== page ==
Markets generally don’t like the Fed chairman’s remarks. On the dates coinciding with Bernanke’s four most recent appearances before Congressional panels, the Dow Jones industrial average closed slightly down. The most severe example was on Jan. 17, 2008, when it closed at 12,159.21 from an opening of 12,467.05--a 2.5% slide. During his semi-annual testimony on July 19, 2007, the Dow closed just half a percentage point higher. The day before, down 0.2%. The Wall Street barometer treated Greenspan in much the same way. On the day of his final testimony as Fed chairman, the market closed up 0.5%. During his last semi-annual address, it ended the first day of testimony up 0.6%, the second day down 0.5%. But a month earlier, when Greenspan addressed the Senate Finance Committee on China’s exchange rate, the Dow dropped 1.6%, from 10,587.09 at the start of the day to a close of 10,421.44. Nonetheless, markets and policymakers will be paying close attention to what he says this week. During his semi-annual report last July, Bernanke made this pronouncement: "Overall, the U.S. economy appears likely to expand at a moderate pace over the second half of 2007, with growth then strengthening a bit in 2008 to a rate close to the economy's underlying trend."

"Moderate" growth isn't exactly what happened. The economy grew at a 4.9% rate during the third quarter of 2007 before dropping sharply to 0.6% growth for the final three months of the year. Amid a deluge of economic data to be released this week are revised figures for growth in the fourth quarter, due out Thursday. If the update is worse than the previous estimate and the economy continues to falter, expect the Ben Bernanke Show to become a running feature this year on Capitol Hill.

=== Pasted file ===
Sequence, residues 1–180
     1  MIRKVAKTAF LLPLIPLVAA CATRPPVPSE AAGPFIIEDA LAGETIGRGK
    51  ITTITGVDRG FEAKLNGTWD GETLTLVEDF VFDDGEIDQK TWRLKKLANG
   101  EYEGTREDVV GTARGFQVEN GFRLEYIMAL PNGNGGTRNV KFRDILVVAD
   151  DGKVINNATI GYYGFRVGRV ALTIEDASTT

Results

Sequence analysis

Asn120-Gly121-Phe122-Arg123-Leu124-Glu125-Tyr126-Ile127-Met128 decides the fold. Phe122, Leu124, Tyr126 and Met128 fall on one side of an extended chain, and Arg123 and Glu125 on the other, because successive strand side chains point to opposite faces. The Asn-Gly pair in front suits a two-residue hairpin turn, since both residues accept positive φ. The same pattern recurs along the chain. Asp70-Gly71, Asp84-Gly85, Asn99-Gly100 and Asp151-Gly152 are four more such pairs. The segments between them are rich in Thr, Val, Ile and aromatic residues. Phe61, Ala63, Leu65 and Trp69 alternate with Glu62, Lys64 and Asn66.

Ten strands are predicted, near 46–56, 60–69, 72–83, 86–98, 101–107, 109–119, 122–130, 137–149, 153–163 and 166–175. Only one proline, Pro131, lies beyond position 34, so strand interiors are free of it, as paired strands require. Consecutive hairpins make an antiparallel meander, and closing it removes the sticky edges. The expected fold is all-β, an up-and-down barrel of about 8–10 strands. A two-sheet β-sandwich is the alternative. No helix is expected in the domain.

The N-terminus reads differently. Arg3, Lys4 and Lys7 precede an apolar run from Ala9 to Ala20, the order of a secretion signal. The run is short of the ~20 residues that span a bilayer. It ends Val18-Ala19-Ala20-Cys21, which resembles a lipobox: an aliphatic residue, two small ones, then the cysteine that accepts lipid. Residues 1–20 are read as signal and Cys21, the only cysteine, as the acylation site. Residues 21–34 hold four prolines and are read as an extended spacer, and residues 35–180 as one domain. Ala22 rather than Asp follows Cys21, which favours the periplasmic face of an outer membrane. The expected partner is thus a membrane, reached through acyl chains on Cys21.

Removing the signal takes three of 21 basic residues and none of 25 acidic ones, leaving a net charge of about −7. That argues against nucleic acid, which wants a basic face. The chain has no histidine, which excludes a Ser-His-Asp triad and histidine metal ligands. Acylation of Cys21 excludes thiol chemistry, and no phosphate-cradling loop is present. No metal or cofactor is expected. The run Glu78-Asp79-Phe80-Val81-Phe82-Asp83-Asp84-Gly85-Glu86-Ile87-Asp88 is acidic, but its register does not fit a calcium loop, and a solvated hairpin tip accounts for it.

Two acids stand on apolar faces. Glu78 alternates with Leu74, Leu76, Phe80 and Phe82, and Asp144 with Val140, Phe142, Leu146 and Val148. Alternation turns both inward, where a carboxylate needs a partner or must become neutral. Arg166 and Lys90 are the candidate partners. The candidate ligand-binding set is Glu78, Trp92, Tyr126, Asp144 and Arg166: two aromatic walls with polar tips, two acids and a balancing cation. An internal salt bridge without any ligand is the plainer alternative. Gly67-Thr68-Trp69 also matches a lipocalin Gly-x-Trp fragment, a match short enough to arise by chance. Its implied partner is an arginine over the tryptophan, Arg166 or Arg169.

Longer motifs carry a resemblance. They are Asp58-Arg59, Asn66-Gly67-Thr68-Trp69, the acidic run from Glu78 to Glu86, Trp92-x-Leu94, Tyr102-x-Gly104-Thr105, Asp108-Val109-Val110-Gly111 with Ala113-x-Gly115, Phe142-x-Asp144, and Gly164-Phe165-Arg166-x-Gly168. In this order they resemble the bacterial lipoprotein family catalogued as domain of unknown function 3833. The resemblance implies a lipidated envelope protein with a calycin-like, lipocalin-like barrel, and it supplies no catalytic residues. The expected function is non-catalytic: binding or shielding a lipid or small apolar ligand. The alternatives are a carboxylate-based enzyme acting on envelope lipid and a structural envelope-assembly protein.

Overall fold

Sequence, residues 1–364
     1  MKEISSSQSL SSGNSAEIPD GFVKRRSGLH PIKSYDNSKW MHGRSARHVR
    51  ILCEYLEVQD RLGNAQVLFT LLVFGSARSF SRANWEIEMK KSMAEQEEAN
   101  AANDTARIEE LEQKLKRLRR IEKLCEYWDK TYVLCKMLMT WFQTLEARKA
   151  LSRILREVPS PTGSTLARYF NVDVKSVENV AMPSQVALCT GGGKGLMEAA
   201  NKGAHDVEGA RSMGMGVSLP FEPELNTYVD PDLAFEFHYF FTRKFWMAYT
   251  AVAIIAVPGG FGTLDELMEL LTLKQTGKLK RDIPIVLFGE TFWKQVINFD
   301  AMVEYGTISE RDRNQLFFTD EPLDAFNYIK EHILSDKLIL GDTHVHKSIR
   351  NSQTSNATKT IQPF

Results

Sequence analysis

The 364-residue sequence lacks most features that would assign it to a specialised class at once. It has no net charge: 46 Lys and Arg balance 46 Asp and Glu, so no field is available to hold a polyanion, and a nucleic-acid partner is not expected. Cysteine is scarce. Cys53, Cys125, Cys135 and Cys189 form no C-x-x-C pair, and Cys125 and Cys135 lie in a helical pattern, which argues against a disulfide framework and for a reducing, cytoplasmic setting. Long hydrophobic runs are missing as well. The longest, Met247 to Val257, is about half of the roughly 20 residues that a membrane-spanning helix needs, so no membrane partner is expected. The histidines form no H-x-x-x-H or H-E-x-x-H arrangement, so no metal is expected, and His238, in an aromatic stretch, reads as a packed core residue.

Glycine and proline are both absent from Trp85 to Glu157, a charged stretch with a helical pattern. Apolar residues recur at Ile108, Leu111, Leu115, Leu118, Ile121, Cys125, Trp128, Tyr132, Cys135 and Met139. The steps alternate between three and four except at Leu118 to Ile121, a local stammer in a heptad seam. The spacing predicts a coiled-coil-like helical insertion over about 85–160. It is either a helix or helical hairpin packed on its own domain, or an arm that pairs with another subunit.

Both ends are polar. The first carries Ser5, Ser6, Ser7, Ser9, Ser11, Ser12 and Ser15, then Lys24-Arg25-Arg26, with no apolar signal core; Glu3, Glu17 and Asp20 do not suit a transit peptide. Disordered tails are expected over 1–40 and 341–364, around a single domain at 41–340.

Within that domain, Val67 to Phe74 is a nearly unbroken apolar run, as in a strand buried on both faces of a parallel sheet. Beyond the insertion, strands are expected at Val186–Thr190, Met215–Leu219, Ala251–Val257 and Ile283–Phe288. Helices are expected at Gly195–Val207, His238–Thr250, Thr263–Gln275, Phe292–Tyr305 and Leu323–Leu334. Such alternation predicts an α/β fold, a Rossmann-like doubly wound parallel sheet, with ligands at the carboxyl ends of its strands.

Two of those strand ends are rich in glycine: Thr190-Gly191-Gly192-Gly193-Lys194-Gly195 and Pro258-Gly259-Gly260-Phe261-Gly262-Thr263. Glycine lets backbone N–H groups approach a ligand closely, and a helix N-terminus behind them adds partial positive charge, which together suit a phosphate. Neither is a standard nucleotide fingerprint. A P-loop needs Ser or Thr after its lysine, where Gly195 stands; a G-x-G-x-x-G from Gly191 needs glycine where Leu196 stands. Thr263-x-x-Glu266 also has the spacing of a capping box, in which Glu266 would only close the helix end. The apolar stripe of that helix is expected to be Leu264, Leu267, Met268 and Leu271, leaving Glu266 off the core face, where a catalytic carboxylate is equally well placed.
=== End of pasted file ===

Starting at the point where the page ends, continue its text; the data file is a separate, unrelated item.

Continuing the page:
Ahead of the Bell: Senate's Mortgage Fix


The Senate could begin debating Tuesday another round of remedies for homeowners caught in the worsening housing crisis. Senators may vote this week on a package of legislative proposals, designed by Democrats, that includes easing bankruptcy rules and boosting funds for foreclosure-prevention counseling. The proposed revision to the U.S. bankruptcy code would allow judges to cut interest rates and reduce what's owed on troubled borrowers' mortgages. At stake are potentially millions of dollars of profits for mortgage lenders, which have been lobbying against the measure. Their opposition is echoed by many Republican lawmakers. Consumer advocates, meanwhile, are pushing senators to approve the change. Currently, lenders can foreclose against a homeowner in default on a primary residence 90 days after a bankruptcy filing, and judges have no authority to order changes in mortgage terms.

The Mortgage Bankers Association has said the proposal would hurt more borrowers in the long run by requiring "higher interest rates and larger down payments to offset the risk" of bankruptcy court intervention for some homeowners. The measure is expected to face tougher resistance than the recently approved economic stimulus package, which narrowly touched on the mortgage crisis. Democratic backers consider the new legislation a way to make up for shortcomings in the Bush administration plan to freeze interest rates on a relatively small percentage of loans made to high-risk borrowers.

Monday brought more evidence of the housing sector's ills. The National Association of Realtors reported that sales of existing homes fell to the lowest level in nearly a decade in January while the median price for a home dropped for the fifth straight month. "Today's dismal housing news reinforces the need for congressional Republicans to join Democrats to address the bulls-eye of our economic troubles by passing a housing recovery package this week," said Sen. Charles Schumer, D-N.Y. "The housing crisis has mushroomed in part due to Washington's inaction, and declining home values cut to the very heart of families' sense of financial security and our economy's overall health." Also included in the Senate package is a measure mandating $200 million for foreclosure-prevention counseling services -- a near doubling of funds already committed by Congress -- and an allowance for states to issue more tax-exempt bonds so that housing agencies could help homeowners refinance high-cost mortgages.